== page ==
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Potential link between gut microbiome and genetic risk of autoimmunity

Researchers have discovered a potential link between the human gut microbiome and genetic risk for autoimmunity.

Type 1 diabetes mellitus is an autoimmune disorder that develops in children and adolescents and is influenced by genetic and environmental factors.

Researchers from Linkoping University in Sweden and the University of Florida in the US assessed the gut flora in children with low, neutral, or high genetic risk of autoimmunity. The results were published in the scientific journal Nature Communications.

The researchers analyzed a subset of data from the ABIS study (All Babies in Southeast Sweden) at Linkoping University. The ABIS study involved 17,055 babies from Southeast Sweden, who were born between 1997 and 1999. These children were followed up from birth, then at 1, 2-3, and 5-6 years of age. Investigators collected biological samples, including stool samples, and questionnaires from parents. Some of the children also contain data about human leukocyte antigen (HLA) genes, which play a crucial role in the immune system.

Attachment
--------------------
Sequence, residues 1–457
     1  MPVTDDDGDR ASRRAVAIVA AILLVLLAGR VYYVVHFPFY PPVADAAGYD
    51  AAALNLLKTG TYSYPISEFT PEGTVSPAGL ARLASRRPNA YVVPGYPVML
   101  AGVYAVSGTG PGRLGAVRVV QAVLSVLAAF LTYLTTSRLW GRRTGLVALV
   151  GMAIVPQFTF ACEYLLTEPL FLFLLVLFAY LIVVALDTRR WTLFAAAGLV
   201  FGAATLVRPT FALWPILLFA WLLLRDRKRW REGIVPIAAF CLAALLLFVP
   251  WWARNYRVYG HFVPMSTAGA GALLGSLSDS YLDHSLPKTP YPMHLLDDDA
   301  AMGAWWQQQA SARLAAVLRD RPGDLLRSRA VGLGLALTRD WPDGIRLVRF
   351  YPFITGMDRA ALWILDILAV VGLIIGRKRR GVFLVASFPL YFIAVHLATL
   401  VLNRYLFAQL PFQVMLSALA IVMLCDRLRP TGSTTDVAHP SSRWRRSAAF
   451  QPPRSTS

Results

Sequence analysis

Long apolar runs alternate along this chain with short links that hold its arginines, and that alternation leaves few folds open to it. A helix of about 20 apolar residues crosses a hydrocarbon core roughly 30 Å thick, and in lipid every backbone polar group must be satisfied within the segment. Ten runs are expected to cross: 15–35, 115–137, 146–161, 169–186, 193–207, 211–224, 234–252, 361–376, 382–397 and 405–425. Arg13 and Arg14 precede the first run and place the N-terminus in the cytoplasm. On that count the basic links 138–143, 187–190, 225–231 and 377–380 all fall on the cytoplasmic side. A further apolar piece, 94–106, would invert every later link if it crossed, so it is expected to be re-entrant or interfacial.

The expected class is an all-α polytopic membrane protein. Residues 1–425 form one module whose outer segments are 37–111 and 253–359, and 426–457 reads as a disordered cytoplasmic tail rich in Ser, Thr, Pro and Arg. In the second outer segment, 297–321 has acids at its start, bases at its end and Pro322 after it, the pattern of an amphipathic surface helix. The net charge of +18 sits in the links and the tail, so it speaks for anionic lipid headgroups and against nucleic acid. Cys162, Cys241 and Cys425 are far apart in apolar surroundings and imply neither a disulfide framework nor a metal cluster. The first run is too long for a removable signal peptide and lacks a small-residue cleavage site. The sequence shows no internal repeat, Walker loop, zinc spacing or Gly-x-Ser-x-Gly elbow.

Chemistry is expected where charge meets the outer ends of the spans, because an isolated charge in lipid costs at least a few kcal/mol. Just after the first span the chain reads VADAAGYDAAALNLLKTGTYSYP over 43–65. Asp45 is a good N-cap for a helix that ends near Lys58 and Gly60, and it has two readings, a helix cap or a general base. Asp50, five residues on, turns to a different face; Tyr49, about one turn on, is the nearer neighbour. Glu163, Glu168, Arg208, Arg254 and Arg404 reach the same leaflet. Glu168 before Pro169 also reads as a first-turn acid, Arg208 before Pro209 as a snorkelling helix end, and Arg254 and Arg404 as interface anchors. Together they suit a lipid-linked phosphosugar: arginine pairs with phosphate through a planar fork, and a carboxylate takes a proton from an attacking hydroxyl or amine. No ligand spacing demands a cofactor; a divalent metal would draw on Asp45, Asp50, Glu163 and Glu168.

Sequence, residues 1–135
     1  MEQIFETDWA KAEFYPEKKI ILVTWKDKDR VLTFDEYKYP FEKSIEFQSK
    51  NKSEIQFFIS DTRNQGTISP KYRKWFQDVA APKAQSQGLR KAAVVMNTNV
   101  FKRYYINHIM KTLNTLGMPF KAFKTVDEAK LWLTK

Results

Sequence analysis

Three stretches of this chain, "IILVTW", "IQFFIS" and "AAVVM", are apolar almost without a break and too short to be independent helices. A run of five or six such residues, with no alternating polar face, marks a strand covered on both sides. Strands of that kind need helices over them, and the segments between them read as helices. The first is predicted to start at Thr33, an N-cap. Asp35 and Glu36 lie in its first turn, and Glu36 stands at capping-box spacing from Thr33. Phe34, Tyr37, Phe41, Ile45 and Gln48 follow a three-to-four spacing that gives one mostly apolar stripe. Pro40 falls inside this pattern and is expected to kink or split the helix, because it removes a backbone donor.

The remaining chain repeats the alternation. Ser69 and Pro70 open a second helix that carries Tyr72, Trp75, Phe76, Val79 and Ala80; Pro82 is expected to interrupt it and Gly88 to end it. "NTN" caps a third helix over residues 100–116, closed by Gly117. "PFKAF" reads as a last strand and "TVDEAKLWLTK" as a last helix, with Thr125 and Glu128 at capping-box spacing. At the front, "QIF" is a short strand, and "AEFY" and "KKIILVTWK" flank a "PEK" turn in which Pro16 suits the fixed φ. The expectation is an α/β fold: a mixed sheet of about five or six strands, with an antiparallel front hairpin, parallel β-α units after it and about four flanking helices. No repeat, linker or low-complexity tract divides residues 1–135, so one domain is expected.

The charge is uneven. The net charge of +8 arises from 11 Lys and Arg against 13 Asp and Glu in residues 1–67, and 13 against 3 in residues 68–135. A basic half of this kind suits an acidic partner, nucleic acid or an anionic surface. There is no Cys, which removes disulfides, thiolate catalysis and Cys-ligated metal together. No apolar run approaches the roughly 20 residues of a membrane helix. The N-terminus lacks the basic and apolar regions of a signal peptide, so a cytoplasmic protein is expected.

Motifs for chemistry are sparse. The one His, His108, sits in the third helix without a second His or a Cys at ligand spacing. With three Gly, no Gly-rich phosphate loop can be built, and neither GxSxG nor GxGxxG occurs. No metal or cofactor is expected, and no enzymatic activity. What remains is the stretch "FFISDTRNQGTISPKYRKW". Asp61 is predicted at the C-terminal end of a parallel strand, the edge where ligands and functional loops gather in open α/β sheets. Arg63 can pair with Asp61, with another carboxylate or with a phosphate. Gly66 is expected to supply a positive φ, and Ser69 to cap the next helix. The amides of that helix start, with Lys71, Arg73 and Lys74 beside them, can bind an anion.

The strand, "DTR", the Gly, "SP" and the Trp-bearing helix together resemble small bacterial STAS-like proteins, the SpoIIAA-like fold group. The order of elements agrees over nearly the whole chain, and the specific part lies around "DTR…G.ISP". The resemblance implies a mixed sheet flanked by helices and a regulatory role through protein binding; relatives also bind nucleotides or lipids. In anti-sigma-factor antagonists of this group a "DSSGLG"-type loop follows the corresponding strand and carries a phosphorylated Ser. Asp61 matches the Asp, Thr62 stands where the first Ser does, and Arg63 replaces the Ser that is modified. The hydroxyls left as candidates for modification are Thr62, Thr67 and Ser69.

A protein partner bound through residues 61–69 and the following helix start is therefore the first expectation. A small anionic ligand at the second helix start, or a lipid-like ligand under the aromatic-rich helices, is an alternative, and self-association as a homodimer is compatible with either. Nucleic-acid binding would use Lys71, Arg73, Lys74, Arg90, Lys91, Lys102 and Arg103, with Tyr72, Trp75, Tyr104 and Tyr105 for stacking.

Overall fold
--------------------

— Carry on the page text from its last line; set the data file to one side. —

The researchers found that the gut microbiome in children with different genetic risks varied markedly. Gut microflora of children with high genetic risk for autoimmunity was different from children with low risk. Interestingly, researchers noted that some specific organisms were present in all children with a high genetic risk, but they were not found at all in children with low or no risk.  Gut microflora in high-risk children was associated with Saccharimonadaceae and Erysipelotrichaceae bacteria, whereas neutral risk was associated with two genera of the family Peptostreptococcaceae, specifically Intestinibacter and Romboutsia. The investigators suggest that certain species may be protective against the development of autoimmune disease. In addition, they hoped that these organisms may be used in the future for the prevention of autoimmune disease development. However, there is a possibility that these species may not survive in children with a high genetic risk, which requires further study.

Further study is needed for a better understanding of the combination of gut flora and genetic risk for autoimmunity. Researchers hope that the results may be not only important for understanding the development of type 1 diabetes, but also other autoimmune diseases, such as celiac disease and rheumatoid arthritis.

Written by Anna Otvodenko

References:

Russell, J., Roesch, L., Ördberg, M., Ilonen, J., Atkinson, M., Schatz, D., Triplett, E. and Ludvigsson, J. (2019). Genetic risk for autoimmunity is associated with distinct changes in the human gut microbiome. Nature Communications, 10(1).

EurekAlert!. (2019). Genetic risk is associated with differences in gut microbiome. [online] Available at: https://www.eurekalert.org/pub_releases/2019-08/lu-gri081919.php [Accessed 21 Aug. 2019].

Image by Arek Socha from Pixabay

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